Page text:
ETFs tracking the major
indexes snapped a four-month winning streak the first month of
the year as investors fled stocks and sought safety in bonds and
A looming emerging-market currency crisis, the Federal Reserve
scaling back stimulus and the Arctic chill stifling business
across the country dominated the financial news headlines.
Nonetheless, investing strategists believe the stock market will
rise to new highs again as the uncertainty clears.
January Performance Of Major ETFs
SPDR S&P 500
) kicked off the new year with a 3.5% loss.
iSharesMSCI EAFE Index
), tracking developed foreign markets, dropped 5.1%.
Vanguard FTSE Emerging Markets (
) plummeted 8.5%.
SPDR Gold Trust (
) -- the largest ETF tracking gold bullion -- popped 3.4%.
iShares Barclays 7-10
Year Treasury Bond (
) added 3.0%.
Interest rates on benchmark 10-year Treasury notes fell 33
basis points to 2.67% at month's end.
Bulls Vs. Bears Stock Market Outlook
Jim O'Sullivan, chief U.S. economist at High Frequency
Economics in Valhalla, N.Y., forecasts the S&P 500 will rise
to 1950 this year and 2025 next year (or $195 and $202.50 for
"Equities are not as cheap as they were, but they are not
expensive," he wrote in a client note Jan. 24. "While some of the
surge since 2009 has reflected a higher P/E (price-earnings
ratio), much of that has reflected a rebound in earnings.
Meanwhile, earnings are still growing."
With nearly one in five S&P 500 companies having reported
fourth-quarter results, the index's earnings were estimated to
grow 7% year over year, according to Thomson Reuters. S&P
earnings are projected to expand 10.6% this year after growing
5.6% in 2013.
Bank of America Merrill Lynch strategists forecast the S&P
will end the year at 2000, while benchmark 10-year Treasury
yields rise to 3.75%. They favor investing in high-yield bonds,
real estate, Japan and U.S. stocks, overweighting technology,
energy and industrials, while underweighting consumer
discretionary, utilities and telecom. They disfavor government
bonds, commodities and emerging markets.
"We'll turn negative only once corporate and investor cash
levels collapse, the U.S. dollar surges on the back of Fed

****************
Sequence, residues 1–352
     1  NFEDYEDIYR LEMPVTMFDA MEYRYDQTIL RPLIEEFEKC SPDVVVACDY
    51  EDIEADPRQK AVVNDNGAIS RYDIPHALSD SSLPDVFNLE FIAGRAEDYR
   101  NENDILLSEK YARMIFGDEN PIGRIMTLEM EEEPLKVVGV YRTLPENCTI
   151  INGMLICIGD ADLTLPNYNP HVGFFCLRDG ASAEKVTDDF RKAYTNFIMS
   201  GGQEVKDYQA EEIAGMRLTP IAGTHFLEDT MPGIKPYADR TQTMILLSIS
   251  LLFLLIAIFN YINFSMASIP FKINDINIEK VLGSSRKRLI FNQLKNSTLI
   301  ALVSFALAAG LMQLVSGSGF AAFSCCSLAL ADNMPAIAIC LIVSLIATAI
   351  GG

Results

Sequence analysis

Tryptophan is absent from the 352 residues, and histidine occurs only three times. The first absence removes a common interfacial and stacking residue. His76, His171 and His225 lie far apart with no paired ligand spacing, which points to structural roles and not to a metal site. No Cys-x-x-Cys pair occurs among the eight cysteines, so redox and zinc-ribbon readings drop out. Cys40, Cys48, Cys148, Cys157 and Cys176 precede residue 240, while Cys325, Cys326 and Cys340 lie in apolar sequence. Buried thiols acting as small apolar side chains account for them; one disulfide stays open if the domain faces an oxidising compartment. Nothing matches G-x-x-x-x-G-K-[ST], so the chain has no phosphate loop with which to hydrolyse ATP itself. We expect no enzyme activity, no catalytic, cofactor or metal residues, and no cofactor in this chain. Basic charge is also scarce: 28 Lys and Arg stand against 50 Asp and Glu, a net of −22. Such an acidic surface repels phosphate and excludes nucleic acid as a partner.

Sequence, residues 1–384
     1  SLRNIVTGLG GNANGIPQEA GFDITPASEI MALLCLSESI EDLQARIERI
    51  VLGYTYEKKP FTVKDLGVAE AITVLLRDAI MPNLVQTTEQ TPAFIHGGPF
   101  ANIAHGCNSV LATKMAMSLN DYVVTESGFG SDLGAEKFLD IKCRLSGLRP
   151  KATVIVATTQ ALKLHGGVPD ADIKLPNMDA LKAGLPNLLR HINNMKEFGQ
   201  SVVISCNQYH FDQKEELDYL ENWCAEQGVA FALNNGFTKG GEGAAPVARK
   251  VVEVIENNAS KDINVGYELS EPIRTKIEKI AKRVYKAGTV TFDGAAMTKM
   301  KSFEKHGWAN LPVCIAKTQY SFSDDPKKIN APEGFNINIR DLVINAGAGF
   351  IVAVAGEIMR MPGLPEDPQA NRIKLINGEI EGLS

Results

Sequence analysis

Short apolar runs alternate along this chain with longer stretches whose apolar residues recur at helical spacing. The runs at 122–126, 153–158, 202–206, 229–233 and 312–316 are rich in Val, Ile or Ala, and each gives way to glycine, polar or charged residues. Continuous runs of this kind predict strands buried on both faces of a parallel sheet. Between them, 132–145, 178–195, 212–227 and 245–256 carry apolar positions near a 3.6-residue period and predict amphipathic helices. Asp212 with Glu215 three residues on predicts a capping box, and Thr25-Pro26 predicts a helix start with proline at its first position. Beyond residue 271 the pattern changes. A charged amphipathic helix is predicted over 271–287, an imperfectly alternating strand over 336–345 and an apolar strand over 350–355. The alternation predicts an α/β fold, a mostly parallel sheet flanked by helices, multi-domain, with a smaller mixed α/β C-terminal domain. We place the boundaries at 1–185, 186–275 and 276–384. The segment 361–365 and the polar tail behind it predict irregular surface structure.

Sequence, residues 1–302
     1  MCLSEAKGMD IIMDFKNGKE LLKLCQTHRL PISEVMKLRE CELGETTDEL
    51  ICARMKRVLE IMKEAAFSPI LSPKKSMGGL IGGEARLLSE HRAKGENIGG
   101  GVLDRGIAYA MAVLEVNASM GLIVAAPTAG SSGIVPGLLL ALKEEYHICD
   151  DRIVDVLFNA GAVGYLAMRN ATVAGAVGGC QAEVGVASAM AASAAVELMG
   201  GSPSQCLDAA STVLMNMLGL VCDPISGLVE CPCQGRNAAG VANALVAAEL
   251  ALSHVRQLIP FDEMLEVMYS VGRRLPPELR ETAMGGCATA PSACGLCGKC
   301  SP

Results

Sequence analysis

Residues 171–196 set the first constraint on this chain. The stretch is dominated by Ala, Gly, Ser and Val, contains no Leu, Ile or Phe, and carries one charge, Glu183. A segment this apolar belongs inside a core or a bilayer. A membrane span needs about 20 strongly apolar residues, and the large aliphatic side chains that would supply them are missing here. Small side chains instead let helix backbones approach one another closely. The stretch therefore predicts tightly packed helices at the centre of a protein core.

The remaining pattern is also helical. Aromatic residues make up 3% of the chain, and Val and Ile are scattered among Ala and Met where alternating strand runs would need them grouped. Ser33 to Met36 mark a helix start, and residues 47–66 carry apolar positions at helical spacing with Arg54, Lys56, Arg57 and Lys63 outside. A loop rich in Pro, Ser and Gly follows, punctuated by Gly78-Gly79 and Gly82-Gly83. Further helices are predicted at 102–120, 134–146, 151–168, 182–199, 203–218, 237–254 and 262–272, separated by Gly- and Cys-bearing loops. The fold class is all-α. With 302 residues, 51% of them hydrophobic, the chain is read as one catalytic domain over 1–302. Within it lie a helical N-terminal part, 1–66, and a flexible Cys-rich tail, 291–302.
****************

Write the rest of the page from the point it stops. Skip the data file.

tightening and G7 bond yields jump to much more attractive
levels," Michael Hartnett, chief investment strategist at BofA
Merrill, and his colleagues wrote in a client note.
A U.S. economic recovery is underway, they wrote. Home prices
have rebounded 20% off their 2011 low, mortgage applications have
increased 40% year over year, small business loans are rising for
the first time since 2008, and small business spending plans are
at their strongest levels since 2007. They project the global
economy will expand 3.6% this year while the U.S. grows 3%.
The bears, on the other hand, argue the stock market is
overvalued and that investors are overly optimistic, which is a
contrarian warning as the crowd is usually wrong.
"Heavy buying climaxes have been occurring frequently during
the past year. This activity indicates distribution in the
marketplace, which is bearish," Brad Lamensdorf, chief investment
officer of the Lamensdorf Market Timing Report in Westport,
Conn., and co-manager of theRanger Equity Bear (HDGE) wrote in
his newsletter Jan. 27.
Another contrarian warning sign is the new Federal Reserve
Chair Janet Yellen appearing on the cover of Time magazine,
suggesting the mainstream media is overly optimistic about the
rally, Lamensdorf added.
Foreign Stock Market Performance
Emerging markets led a global sell-off as their currencies
plunged on worries of debt downgrades and a slowdown in earnings.
VWO fell for a third month straight. It broke below key price
support at its 200-day moving average, confirming a downtrend.
EFA has corrected 5% from its 52-week high, which is considered a
normal pullback in an uptrend.
ETF And Mutual Fund Flows
Emerging market mutual funds and ETFs experienced $3.3 billion
in outflow so far this year, through Jan. 31, while foreign
developed market funds and ETFs absorbed $10.4 billion, according
to Lipper Inc.
Emerging market funds experienced 13 straight weeks of
outflow, marking their longest losing streak in 11 years. Should
emerging market outflow climb to $20 billion to $25 billion over
three or four weeks, it would suggest that
have capitulated and that contrarian investors should start
buying, according to BofA Merrill.
U.S. equity mutual funds and ETFs saw $816 million in net
outflow in January, while bond funds absorbed $11 billion in
Top ETF Gainers In January And Percentage Return
Natural Gas ETN (GAZ) 21%
2.C-Tracks Citi VIX ETN (CVOL) 20%
Carbon ETN (GRN) 19.7%
Gold Explorers (GLDX) 17.9%
5.United States Natural Gas (UNG) 16.9%
6.SPDR S&P Biotech (XBI) 15.4%
7.Market Vectors Egypt Index (EGPT) 15.2%
Coffee ETN (JO) 14.6%
Market Vectors Jr.
Gold Miners (GDXJ) 13.9%
PowerShares Dyn Bio &
Genomic (PBE) 13.3%
Biggest ETF Losers In January And Percentage Loss
1.ProShares Short VIX Short Term (SVXY) -16.6%
Lead ETN (LD) -16.4%
3.Market Vectors Russia Sm Cp (RSXJ) -14.8%
MSCI Chile Capp (ECH) -14.5%
Global X FTSE Andean 40
Global X FTSE Colombia 20
Brazil Consumer (BRAQ) -12.9%
MSCI Turkey Inv (TUR) -12.8%
9.Market Vectors Russia (RSX) -12.4%
10.Market Vectors Colombia (COLX) -12.2%
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